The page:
Monday, January 02, 2012

Anyone But

As promised, let's take a closer look at the dynamics of "anyone but" movements in leadership campaigns - with a particular focus on whether one looks likely to develop in the NDP's current race.

The most obvious prerequisite for an "anyone but" movement is the perception that a particular candidate is within striking distance of being able to win at current support levels if nothing changes in a race - but not such a prohibitive favourite that it's futile to try to organize an alternative. From that starting point, the incentives that result in a two-camp race are obvious for both eventual sides of the divide: the front-runner ends up working on holding (and at most narrowly expanding) a base of support within the leadership campaign, while the competitors see a need to band together to have any hope of emerging victorious and thus end up developing deeper links between campaign organizations.

But what ultimately leads to a true "anyone but" movement is a common sense of lingering dissatisfaction with the leading candidate - in effect, a base of negative opinion that can serve as the main unifying force among multiple candidates' supporters once the outcome of a campaign hangs in the balance. (And the base needs to be stronger in a one-member, one-vote campaign rather than a delegated one - especially if a substantial number of votes are locked in prior to voting day.)

Ultimately, for an "anyone but" movement to succeed, the competitors' campaigns and supporters need to be willing to sacrifice any of the messages and values they've pushed throughout the campaign in the interest of stopping the front-runner. And that broad focus on a negative perception within a party doesn't come about as the result of a single factor; instead, it needs to find some roots in a combination of fundamental policy disagreements, personality conflicts, and perceived self-interest among other candidates' campaign teams in preventing the front-runner's organizers from ascending within the party.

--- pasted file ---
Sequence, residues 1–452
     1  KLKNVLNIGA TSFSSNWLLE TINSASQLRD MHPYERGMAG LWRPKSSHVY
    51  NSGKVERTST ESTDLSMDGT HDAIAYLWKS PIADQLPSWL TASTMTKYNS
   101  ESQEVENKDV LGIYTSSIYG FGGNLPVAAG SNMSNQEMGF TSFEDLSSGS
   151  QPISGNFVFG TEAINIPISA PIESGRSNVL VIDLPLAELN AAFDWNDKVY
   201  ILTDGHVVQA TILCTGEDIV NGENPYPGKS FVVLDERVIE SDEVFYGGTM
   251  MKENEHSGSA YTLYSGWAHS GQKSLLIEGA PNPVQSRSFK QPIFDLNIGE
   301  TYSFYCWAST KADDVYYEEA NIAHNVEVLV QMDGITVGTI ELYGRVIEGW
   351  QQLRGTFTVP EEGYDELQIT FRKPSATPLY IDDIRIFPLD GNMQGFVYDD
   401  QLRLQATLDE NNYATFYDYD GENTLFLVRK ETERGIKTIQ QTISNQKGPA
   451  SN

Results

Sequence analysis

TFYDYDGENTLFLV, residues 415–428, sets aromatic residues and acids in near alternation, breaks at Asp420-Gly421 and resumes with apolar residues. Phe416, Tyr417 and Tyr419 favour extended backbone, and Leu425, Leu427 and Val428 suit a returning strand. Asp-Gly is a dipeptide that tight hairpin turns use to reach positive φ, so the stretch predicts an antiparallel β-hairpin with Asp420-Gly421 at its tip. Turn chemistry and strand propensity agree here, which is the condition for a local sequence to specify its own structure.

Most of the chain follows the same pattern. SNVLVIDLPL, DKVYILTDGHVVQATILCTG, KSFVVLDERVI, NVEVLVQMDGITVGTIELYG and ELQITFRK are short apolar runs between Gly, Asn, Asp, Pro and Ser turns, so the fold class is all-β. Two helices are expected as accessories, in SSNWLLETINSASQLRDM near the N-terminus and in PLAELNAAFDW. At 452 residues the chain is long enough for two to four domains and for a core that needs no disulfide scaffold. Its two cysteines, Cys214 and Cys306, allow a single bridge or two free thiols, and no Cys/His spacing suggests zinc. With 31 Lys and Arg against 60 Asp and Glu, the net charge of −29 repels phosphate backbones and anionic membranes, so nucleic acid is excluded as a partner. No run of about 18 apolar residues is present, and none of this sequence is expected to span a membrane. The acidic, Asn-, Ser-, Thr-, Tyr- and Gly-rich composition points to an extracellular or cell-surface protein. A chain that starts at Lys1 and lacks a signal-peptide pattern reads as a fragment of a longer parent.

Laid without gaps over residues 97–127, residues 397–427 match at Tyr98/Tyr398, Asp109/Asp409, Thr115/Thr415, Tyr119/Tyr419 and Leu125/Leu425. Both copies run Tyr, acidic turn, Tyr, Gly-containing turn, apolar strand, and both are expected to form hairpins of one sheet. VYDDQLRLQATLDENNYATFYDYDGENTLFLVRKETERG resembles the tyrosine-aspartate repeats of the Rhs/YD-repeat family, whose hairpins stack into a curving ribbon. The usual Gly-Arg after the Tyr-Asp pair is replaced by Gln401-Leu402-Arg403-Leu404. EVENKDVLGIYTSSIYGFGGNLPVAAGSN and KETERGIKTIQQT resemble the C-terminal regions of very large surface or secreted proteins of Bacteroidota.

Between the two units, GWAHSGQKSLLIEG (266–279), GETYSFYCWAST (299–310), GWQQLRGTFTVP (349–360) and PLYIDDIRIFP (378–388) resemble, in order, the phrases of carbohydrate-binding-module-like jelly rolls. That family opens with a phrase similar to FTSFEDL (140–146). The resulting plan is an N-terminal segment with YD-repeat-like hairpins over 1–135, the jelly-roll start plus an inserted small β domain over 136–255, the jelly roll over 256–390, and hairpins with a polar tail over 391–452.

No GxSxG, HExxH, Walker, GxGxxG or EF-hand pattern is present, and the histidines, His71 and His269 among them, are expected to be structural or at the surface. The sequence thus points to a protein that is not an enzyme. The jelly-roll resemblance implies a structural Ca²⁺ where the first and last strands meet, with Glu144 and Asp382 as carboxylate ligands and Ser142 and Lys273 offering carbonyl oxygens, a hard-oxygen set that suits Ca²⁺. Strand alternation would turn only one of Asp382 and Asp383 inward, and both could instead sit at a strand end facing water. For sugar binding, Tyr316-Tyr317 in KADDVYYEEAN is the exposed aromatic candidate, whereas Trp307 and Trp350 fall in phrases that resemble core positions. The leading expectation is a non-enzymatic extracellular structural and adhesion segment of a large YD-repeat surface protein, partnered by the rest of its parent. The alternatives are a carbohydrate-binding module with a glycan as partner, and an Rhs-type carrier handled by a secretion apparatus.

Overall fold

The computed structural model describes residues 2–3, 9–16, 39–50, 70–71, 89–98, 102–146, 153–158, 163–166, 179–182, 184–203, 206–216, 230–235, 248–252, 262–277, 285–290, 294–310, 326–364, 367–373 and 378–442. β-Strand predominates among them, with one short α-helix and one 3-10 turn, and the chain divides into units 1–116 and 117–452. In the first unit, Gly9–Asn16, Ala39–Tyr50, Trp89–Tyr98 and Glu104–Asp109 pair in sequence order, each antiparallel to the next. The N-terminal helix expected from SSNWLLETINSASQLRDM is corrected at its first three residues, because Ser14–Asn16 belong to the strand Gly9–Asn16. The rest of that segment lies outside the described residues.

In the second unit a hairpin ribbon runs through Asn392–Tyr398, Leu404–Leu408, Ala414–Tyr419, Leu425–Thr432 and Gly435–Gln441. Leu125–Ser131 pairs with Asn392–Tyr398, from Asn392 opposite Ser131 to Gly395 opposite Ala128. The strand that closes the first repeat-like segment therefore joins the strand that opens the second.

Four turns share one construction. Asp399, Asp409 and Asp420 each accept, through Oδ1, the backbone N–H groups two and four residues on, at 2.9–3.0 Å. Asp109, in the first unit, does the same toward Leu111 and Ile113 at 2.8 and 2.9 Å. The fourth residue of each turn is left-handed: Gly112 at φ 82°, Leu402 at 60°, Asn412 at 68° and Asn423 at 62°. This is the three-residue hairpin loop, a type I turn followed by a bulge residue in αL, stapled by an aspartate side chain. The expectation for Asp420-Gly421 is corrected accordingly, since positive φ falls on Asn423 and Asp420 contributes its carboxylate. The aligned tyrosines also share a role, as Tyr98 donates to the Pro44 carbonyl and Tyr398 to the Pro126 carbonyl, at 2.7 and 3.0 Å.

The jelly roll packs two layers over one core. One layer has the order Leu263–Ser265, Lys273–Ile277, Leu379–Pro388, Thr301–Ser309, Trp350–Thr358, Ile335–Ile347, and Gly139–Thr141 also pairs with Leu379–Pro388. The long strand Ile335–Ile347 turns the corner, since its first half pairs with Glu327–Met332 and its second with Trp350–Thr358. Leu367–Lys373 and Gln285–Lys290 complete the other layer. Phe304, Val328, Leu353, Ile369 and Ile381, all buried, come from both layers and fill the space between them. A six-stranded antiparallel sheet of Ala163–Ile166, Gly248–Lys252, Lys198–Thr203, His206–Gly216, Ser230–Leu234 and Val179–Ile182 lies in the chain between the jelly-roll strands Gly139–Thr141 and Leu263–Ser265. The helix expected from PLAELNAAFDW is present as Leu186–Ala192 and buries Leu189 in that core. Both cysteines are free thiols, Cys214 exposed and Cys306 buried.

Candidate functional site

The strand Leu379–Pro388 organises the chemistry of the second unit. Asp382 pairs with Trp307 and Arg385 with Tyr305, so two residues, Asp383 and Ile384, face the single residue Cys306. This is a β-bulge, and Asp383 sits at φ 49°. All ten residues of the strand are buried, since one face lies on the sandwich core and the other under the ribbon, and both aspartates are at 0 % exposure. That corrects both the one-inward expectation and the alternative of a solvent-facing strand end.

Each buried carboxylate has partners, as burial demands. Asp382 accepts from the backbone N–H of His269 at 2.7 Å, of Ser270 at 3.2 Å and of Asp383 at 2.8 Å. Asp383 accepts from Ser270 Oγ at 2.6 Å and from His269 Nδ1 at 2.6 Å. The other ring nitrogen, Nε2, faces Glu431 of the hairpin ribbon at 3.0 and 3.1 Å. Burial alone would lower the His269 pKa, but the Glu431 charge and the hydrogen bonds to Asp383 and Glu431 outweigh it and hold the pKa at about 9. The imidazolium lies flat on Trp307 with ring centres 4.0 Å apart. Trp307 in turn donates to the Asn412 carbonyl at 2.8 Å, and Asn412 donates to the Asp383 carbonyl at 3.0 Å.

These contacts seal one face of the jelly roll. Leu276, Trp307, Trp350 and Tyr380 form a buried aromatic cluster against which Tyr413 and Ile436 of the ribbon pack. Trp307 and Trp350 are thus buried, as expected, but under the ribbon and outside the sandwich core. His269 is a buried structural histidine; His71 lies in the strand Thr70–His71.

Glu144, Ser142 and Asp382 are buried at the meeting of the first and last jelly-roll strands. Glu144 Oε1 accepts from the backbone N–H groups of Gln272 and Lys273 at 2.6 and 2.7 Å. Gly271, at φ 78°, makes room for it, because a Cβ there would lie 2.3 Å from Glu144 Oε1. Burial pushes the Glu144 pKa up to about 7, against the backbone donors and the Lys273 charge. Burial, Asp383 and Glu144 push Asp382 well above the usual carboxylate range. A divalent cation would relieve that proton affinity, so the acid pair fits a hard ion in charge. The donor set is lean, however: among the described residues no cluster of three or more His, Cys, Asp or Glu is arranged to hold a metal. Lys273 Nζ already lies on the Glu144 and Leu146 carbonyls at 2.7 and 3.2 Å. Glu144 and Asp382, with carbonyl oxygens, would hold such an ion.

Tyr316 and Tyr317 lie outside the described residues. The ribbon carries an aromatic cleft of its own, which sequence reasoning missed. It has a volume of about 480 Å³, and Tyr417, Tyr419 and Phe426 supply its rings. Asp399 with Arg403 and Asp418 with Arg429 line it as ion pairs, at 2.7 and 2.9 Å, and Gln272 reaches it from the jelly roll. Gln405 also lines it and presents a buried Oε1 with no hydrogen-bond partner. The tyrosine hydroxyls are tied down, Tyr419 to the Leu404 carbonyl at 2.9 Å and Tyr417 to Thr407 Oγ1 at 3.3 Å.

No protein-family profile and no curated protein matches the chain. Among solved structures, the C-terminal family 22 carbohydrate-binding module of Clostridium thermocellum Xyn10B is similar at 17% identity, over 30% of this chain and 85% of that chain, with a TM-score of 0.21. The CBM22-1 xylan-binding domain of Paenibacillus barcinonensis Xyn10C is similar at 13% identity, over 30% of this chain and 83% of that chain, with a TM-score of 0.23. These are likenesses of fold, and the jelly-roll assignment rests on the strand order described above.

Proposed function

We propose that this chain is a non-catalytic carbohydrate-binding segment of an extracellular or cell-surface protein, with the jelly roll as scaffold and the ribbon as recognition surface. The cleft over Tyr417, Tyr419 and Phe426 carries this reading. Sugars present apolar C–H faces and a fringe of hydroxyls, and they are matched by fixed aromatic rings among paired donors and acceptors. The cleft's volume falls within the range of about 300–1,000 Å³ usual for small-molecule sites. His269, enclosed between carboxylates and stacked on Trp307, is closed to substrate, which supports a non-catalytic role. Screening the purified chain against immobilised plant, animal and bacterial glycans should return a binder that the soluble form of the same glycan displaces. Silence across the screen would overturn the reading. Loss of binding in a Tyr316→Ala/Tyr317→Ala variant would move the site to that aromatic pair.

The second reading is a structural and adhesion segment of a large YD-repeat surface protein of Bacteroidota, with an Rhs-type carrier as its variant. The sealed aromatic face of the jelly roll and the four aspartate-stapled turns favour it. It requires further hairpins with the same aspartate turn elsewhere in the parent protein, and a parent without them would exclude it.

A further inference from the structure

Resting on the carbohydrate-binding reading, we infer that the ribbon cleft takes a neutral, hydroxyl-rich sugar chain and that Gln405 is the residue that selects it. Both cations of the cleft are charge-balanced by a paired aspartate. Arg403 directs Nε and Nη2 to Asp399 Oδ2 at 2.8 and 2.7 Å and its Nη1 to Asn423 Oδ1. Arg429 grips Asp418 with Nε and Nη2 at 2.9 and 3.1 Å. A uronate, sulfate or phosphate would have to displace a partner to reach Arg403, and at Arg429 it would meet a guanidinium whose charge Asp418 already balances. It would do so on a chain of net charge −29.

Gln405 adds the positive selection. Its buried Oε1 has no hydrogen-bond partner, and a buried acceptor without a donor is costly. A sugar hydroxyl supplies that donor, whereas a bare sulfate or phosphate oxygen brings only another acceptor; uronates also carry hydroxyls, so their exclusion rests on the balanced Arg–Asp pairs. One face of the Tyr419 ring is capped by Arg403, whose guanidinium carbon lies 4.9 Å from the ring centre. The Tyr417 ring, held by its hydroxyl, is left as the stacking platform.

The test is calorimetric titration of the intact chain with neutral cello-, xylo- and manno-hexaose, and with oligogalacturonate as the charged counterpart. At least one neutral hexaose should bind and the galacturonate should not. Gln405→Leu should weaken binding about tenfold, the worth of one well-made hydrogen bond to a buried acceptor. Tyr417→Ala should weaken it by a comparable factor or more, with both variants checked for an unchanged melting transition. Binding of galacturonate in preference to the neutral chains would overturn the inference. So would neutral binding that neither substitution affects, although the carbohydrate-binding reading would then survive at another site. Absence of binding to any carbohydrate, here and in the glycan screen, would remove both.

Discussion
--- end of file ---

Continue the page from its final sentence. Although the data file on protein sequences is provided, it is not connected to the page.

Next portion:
Meanwhile, the front-runner can exacerbate the problem with both a commitment to a tightly-controlled inner circle, and a campaign strategy designed to limit opponents' growth which develops exactly the common sense of grievance that feeds into the countermovement. Think of the Republicans' current Iowa caucus campaign, where Mitt Romney's main plan has been to play attack-ad whack-a-mole with half a dozen "anyone but" competitors who can each be driven down to single-digit support within a week - only to find that a new leading opponent emerges within days of the last one being beaten down.

So how likely is that type of dynamic to develop within the NDP?

Well, we don't yet have any particularly compelling information as to any of the candidates' positioning in the race. And largely as a result of the NDP having just emerged as Canada's Official Opposition thanks to its surge in Quebec, it's difficult for any candidate to take any base of support for granted.

But let's assume for the sake of argument that Thomas Mulcair's support is somewhere in the range where an "anyone but" campaign might make strategic sense. The next vital ingredients for an "anyone but" campaign are then a front-runner campaign that feeds into the dynamic by failing to reach out beyond the initial support base, and a widespread sense of dissatisfaction among the rest of the party.

And those don't seem to fit particularly well with what I've seen so far. Instead, all indications are that the campaign has seen plenty of interest in developing links in both directions - both in the form of Mulcair reaching out to actual and potential members alike, and in members of all kinds of stripes showing a genuine interest in what Mulcair and the rest of the candidates have to offer. (Indeed, I've been struck by how many of my personal connections with strong left-wing backgrounds have Mulcair on a three- or four-candidate shortlist at this stage of the campaign.)

Of course, not all of those interactions necessarily lead to positive impressions. And there are a few members who have relegated Mulcair to the bottom of their lists as a result. But the number looks to be far too small to serve as a breeding ground for an all-out anti-Mulcair movement (though we may want to add any negative impressions to the list of key indicators for Mulcair).

What's more, the makeup of the rest of the field may make it difficult to assemble a united "anti" campaign even if there were a perceived reason to try. In particular, while Brian Topp has been the candidate most eager to challenge Mulcair, he's also been a fairly polarizing figure himself - creating an added obstacle on the path that leads to the non-Mulcair camps joining forces to the extent necessary to direct members' votes in a particular direction.

Naturally, it remains to be seen how the rest of the campaign will play out, and it may be that something in the next few months will create the conditions for a true "anyone but" dynamic. But for the moment, those conditions don't look to be in place - and it's hard to see much benefit for anybody in pushing to create them.

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